Lane County Commissioners will address serious public saferty needs when we pass the 2016-2017 budget this year.
After passing the Sheriff’s levy in 2013, voters were promised rigorous standards in keeping dangerous criminals off the streets. We have exceeded the promises made to the voters, while responsibly managing taxpayer resources. The levy was approved to fund a minimum of 255 local adult jail beds and additional services for youth offenders. Currently, there are 317 local jail beds – exceeding the minimum promised by 62 beds, with an additional five to open in 2016.
The additional local jail beds funded by the levy have reduced capacity-based releases (CBRs) by 65 percent and eliminated the pre-trial release of violent, Measure 11 offenders.
Lane County Commissioners will now consider reducing the existing levy rate and continuing to operate the jail more efficiently than anyone thought possible.
Reasons for the proposed levy rate reduction:
- Lane County property tax revenue and state corrections funding have increased more than anticipated.
- The County has provided $6.5 million more General Fund support for the jail than anticipated. This is due to unanticipated Secure Rural Schools payments for two additional years following the passage of the levy. (The Secure Rural Schools program has since ended.)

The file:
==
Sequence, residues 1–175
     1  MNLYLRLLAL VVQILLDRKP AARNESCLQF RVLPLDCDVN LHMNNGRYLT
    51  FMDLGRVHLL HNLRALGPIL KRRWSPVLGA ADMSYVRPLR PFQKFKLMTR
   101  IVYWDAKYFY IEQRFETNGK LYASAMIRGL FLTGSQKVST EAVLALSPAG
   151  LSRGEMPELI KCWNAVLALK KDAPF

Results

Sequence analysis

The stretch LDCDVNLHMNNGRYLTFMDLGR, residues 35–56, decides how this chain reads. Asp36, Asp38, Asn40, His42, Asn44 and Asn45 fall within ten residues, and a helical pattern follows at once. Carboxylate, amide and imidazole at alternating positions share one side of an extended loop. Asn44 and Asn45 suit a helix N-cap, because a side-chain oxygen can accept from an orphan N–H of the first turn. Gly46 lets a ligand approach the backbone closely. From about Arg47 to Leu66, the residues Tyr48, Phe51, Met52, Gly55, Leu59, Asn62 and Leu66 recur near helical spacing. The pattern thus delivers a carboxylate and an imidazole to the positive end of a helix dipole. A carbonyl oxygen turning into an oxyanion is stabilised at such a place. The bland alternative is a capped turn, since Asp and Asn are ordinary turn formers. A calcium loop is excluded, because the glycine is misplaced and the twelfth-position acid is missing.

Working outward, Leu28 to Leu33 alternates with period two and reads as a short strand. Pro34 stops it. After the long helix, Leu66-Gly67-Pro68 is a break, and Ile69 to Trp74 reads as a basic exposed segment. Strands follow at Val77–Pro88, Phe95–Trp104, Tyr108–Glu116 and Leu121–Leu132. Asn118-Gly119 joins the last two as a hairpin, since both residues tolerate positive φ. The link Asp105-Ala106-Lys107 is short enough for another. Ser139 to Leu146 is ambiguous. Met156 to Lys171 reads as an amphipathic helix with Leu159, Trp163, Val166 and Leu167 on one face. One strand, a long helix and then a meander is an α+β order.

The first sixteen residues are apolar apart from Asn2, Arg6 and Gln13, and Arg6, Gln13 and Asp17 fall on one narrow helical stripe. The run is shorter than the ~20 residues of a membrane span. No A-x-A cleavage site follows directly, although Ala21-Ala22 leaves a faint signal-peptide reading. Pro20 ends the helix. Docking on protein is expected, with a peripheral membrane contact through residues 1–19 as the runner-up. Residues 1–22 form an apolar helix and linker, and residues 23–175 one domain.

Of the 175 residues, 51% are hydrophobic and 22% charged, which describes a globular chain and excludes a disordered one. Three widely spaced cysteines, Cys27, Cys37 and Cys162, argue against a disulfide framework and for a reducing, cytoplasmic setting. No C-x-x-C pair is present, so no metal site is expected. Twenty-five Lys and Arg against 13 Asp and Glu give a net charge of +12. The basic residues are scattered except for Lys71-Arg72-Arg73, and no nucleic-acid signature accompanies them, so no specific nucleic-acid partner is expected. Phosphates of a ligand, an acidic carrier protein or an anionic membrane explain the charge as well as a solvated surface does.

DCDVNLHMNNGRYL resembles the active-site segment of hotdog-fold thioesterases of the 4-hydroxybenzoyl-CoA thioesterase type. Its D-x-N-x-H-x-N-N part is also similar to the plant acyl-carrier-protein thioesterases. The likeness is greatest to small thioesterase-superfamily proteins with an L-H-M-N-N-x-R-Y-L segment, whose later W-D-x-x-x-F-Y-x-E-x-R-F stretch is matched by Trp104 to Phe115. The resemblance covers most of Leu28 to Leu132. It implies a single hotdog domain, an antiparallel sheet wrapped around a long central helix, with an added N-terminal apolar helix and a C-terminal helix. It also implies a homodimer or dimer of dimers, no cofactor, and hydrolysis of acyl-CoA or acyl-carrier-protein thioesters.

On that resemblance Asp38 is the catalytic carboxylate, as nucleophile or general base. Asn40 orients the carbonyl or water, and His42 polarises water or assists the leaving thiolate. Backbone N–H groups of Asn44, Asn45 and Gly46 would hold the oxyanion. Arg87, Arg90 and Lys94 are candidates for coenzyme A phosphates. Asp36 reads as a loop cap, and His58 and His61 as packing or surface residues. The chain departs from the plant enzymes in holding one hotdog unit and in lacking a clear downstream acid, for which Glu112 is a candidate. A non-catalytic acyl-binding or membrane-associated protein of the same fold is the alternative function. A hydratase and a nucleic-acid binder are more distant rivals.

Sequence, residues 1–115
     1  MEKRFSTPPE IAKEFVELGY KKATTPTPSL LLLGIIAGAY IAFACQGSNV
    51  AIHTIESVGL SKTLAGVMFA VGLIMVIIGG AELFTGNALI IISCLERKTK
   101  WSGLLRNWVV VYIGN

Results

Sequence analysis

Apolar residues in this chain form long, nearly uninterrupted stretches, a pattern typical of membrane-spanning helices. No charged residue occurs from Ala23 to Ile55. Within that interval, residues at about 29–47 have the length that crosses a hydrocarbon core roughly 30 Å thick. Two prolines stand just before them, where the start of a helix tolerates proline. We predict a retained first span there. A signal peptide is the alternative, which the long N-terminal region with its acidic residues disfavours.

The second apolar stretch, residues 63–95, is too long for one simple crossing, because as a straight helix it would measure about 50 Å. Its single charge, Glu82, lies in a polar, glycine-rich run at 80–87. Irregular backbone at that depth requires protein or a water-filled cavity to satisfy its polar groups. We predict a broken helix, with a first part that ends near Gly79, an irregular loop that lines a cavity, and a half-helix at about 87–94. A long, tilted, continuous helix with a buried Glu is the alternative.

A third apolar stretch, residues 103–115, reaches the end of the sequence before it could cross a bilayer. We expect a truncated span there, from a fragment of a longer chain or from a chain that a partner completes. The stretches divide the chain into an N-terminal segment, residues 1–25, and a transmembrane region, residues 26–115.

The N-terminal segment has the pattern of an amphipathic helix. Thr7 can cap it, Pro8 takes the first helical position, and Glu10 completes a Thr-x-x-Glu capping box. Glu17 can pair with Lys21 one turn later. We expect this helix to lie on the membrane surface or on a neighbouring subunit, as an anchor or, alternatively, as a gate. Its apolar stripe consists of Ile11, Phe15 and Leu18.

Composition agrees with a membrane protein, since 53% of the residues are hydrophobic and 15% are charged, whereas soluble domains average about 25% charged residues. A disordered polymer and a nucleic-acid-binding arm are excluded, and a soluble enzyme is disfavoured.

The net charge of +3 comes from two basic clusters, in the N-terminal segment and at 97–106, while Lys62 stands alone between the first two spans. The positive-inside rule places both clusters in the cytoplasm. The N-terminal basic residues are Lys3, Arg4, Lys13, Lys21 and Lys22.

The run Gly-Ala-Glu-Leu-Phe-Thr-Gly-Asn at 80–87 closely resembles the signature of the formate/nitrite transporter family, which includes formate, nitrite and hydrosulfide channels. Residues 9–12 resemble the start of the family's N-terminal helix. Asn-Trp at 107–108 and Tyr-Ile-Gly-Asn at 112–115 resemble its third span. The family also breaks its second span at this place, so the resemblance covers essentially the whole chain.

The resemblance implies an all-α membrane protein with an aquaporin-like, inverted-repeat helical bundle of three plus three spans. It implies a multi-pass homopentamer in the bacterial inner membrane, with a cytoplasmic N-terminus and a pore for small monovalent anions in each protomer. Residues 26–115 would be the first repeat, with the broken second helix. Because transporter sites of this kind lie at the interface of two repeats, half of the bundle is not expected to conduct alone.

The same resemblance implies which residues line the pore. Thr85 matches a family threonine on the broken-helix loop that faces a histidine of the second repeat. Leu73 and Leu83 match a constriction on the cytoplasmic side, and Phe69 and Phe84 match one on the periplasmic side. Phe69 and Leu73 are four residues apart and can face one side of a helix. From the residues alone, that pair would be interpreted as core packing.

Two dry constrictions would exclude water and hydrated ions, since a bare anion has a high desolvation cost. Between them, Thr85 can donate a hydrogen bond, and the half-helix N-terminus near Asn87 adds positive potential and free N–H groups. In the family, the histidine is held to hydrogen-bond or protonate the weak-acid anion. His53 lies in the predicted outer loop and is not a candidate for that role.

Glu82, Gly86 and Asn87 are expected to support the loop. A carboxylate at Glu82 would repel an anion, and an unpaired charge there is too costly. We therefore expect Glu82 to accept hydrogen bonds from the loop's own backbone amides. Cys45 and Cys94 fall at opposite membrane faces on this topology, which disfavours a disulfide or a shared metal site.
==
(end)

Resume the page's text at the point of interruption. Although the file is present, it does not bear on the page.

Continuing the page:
- The hiring process at the jail to fill levy-funded positions has taken longer than anticipated, saving money.
Sheriff Byron Trapp shared that “our community put great faith in us when they approved the levy. We want to show them that we are being responsible with their money and continuing to provide the services we promised. Every dollar counts to our residents and families.”
Additional public safety needs will be addressed:
At the Budget Committee meeting on May 2, County administrator Steve Mokrohisky and Sheriff Byron Trapp outlined plans to address the burgeoning needs in behavioral health, including mental illness and substance abuse.
In addition to keeping more sentenced violent criminals behind bars, the Commission will consider using general fund dollars to add three full-time mental health specialists and an additional parole and probation officer to the jail staff to ensure that people suffering from behavioral health disorders will receive adequate treatment and complete their sentences while reducing their likelihood of returning to courts and jail.
Treating behavioral health needs, including substance abuse, will create a path to reducing crime and helping affected men and women enjoy more productive and satisfying lives.